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Massive storm drains to be installed throughout the Las Vegas valley to prevent flooding

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Flash floods are common in the valley and are something to look out for as monsoon season begins.

To try and prevent such floods, the regional flood control district is unveiling a new project in the growing northwest valley.

Las Vegas will be installing more concrete storm drains, each one 20 feet wide and 7 feet tall.

You can easily walk through them, and construction crews will line them up back to back for more than a mile under the US-95.

The drains will be part of a larger system that captures rainfall and takes the flooding water underground, and eventually to Lake Mead.

To Las Vegas valley residents like Joe Hearns, flooding is something that’s almost expected. Monsoon season has a tendency to turn roads into rivers in his northwest neighborhood.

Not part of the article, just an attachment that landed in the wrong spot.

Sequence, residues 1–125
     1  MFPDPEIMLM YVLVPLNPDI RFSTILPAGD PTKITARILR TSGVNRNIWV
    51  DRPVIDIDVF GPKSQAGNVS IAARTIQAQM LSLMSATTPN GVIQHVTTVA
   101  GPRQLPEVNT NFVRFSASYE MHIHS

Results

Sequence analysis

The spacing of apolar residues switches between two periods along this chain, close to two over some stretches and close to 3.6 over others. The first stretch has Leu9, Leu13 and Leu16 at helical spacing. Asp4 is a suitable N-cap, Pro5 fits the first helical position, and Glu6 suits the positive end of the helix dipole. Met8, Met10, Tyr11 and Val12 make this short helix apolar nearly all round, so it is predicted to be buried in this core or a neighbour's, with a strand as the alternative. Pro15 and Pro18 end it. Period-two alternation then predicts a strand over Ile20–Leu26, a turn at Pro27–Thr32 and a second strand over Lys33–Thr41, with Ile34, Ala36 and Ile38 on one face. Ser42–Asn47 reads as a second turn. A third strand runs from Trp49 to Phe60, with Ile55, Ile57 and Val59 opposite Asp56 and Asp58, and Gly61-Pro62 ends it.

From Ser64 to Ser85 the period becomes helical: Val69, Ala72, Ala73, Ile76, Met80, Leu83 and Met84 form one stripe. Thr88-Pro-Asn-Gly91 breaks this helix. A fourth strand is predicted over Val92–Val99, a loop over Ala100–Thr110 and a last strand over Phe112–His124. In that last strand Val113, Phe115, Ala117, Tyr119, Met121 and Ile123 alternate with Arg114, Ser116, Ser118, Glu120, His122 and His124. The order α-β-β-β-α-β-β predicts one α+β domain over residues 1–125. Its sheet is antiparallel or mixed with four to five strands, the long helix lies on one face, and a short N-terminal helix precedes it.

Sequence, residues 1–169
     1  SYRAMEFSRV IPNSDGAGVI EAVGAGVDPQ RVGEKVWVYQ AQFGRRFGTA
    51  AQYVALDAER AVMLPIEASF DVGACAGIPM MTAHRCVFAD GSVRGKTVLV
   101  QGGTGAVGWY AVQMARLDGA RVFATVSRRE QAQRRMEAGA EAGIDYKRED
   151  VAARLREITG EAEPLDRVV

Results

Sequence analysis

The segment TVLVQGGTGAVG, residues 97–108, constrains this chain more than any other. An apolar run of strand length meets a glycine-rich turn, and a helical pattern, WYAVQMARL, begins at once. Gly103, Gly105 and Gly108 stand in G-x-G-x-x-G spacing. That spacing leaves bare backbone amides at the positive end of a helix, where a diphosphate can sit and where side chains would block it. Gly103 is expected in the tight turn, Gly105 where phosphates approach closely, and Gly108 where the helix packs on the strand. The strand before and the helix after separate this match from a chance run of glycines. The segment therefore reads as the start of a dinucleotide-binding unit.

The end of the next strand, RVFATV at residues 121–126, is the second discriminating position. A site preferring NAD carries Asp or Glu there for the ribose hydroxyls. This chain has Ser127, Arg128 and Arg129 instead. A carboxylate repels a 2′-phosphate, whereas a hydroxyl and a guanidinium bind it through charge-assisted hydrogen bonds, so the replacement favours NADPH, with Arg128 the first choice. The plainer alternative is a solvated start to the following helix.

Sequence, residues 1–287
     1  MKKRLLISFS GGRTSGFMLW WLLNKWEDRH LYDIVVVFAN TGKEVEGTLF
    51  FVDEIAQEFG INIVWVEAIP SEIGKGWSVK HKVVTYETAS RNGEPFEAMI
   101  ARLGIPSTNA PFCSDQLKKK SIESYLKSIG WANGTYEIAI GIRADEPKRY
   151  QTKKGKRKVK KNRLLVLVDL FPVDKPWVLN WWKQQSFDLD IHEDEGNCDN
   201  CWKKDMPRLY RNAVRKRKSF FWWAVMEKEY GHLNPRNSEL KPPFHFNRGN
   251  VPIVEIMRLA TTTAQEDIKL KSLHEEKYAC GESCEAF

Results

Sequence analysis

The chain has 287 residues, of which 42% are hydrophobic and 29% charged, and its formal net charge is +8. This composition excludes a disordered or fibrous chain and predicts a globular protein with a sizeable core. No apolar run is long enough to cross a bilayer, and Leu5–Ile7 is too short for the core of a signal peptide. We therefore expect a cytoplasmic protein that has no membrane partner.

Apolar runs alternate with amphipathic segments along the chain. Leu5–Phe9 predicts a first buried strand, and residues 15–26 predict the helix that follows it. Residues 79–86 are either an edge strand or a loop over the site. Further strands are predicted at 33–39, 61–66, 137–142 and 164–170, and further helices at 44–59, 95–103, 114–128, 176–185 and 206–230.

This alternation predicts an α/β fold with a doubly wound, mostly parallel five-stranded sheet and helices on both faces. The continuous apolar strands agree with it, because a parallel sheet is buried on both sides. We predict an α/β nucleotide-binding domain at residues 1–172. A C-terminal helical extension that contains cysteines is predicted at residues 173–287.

“We were going to distribute river rock in our backyard,” Hearns recalled. “So we had the truck stop by. Dropped it. Wait until the weekend to put it in the backyard, the rain came, and next thing you know, all the rock we ordered was completely gone. “

It's problems like the one Hearns described that the regional flood control district aims to fix.

Right now, 19 projects are underway, including one at the US-95 and Durango. The new storm drains will help the expanding part of the valley play infrastructure catch up.

Steve Parrish is the district's chief engineer.

“The first part of our mission is to keep floods away from people,” said Parrish. “We do that by building detention basins and channels and storm drains, box culverts like you see here, capture the rainfall and convey it safely through the Las Vegas. The second part of our mission is to keep people away from floods.”

Parrish hopes to help prevent the kind of water rescues that firefighters train for year around.

“We really want to send the strong message: ‘Water always wins.’” Parrish said. “Words to live by.”

As for Joe Hearns, he says that navigating the cone-laden streets during construction is no fun, but he admits it should be worth it in the end.

“I know I won't be ordering any rock or river rock, but hopefully with these new storm drains, we won't run into any major issues we've run into in the past,” said Hearns.

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